I think three things explain this change. [1] Rock music has shifted to a more mushy sound. The Beach Boys and Beatles were people who thought the words important. I am not sure that is true any more. With such a colophony of sound, is any part of it important versus the whole? [2] The music has been visualized. The music is not just music, a set of sounds; it is an “experience.” It is more than sound; it is sight with movement, and sound. Has the point been reached where the visual exceeds the impact of the sound? Is Brittany Spears about seeing Brittany shake, or the sounds? The answer seems obvious. [3] Attention spans may play some role. Listening to the words is a more deeply worked out experience than just passively experiencing the act. One is involved with words because the mind must work with them. IS it as involved when the act involves a mixture of senses?

In all, it is sad. The ability of music to bring messages of meaning is stifled in favor of a mind dulling sensory experience. Of course shutting out the world could be the message. The postmodern experience surely makes great headway in this area.

Saturday, March 12, 2005

Missing Sandra Dee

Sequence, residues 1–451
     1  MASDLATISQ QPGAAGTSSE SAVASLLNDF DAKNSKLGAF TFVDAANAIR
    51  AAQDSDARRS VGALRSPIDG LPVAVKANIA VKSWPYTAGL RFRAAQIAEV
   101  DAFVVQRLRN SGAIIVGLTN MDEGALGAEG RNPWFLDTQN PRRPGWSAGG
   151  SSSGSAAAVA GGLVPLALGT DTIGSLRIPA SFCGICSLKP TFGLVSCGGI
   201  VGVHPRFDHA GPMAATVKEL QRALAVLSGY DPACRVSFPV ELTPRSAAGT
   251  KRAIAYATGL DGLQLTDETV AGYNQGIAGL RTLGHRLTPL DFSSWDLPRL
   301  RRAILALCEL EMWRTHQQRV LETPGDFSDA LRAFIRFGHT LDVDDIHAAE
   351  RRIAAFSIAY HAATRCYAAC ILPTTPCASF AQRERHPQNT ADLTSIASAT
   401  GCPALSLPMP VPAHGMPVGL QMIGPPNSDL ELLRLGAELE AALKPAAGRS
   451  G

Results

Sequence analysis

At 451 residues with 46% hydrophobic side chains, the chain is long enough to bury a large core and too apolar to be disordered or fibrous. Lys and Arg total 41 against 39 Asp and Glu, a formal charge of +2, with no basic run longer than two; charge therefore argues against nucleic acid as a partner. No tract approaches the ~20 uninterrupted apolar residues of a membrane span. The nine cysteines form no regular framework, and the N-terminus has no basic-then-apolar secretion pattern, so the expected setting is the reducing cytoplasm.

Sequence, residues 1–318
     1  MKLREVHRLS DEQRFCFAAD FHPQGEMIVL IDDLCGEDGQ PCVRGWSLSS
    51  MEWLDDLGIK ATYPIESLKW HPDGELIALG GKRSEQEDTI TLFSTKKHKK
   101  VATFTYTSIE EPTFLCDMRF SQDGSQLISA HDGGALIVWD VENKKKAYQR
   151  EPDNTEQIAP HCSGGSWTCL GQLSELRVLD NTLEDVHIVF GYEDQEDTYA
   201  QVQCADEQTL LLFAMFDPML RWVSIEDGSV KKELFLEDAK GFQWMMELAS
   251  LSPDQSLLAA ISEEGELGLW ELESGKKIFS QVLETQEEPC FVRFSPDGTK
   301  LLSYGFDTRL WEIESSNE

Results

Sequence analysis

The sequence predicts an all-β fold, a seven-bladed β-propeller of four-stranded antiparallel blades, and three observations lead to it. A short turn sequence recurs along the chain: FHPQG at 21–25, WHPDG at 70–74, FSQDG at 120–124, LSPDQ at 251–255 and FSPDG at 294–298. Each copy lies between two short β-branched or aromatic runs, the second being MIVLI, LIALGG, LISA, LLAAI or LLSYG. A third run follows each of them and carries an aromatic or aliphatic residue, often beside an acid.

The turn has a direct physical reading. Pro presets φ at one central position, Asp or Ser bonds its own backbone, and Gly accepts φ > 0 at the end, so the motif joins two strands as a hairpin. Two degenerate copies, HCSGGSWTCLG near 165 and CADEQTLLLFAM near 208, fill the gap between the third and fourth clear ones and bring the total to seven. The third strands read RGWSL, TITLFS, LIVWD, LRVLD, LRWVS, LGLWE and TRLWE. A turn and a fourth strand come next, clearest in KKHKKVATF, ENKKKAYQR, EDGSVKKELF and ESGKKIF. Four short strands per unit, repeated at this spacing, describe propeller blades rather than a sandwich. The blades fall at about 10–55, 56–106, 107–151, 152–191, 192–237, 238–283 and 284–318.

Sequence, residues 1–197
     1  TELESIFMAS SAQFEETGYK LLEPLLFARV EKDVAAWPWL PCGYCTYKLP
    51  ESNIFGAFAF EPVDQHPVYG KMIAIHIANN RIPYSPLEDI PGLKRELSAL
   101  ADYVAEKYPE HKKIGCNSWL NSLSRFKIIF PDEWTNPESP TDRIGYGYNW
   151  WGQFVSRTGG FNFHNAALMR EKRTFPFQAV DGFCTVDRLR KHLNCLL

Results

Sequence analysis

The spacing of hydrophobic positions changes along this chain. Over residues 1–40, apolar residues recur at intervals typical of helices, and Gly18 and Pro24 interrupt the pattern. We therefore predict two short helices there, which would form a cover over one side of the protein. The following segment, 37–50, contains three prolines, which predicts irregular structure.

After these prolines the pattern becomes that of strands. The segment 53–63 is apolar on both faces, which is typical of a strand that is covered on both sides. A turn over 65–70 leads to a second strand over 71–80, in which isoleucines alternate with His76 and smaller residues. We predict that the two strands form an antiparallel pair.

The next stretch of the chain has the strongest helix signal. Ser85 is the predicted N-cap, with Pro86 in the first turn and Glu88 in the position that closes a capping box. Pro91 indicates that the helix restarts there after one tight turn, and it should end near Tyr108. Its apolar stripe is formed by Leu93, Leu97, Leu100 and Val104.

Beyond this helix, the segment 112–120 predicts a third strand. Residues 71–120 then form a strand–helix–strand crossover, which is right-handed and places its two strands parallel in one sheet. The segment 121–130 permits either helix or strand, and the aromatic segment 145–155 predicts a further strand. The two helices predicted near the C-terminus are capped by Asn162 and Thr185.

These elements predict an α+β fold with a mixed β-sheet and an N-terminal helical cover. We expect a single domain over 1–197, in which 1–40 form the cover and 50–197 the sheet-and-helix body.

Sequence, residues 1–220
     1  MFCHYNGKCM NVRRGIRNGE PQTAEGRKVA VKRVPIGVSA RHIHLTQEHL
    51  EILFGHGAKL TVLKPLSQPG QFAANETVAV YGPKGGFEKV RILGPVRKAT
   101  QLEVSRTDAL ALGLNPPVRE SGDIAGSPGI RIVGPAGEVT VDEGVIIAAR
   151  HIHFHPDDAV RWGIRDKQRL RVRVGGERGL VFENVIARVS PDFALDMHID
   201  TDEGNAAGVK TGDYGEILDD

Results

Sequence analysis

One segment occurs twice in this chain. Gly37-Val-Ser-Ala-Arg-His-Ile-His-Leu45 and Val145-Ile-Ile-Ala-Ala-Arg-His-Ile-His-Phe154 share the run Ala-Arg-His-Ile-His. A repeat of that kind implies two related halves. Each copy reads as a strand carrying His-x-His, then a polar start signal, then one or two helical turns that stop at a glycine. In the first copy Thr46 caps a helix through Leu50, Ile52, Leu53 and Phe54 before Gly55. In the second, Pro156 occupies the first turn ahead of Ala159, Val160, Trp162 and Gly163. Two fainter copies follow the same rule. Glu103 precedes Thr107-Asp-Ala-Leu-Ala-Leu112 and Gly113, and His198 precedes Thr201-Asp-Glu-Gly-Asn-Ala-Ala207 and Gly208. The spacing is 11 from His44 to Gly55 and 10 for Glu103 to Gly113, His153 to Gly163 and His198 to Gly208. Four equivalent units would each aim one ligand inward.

The gang at the lake has been a little down over the passing of Sandra Dee. While made fun of in places like Grease, she is an icon of the early boomer age. Her life was not filled with the happiness that should have followed some of the characters in her movies through life. My favorite is A Summer Place. I watch it several times a year. In it she is filled with angst over the sexual issues that the boomer group would soon rebel against. She wants love with Troy Donahue, and nothing is more important. She and he pursue it while questioning what is right and proper. While it looks archaic today, it represents the real outlook of the young boomer crowd. The trend of society, the nature of the hippie movement, and all that are in every wondering thought she has in that film. Sandra Dee stood at the forefront of societal change. To Rizzo in Grease she was at the end of the line, but she actually stood near the front. Change came not from bold leapers who extended the limits of society, but from those who avoided the hype and pushed a little more. The media followed those who bounded forward. The Boomers followed those who inched forward and thought carefully about it all. Sandra Dee was certainly among those leaders of her times.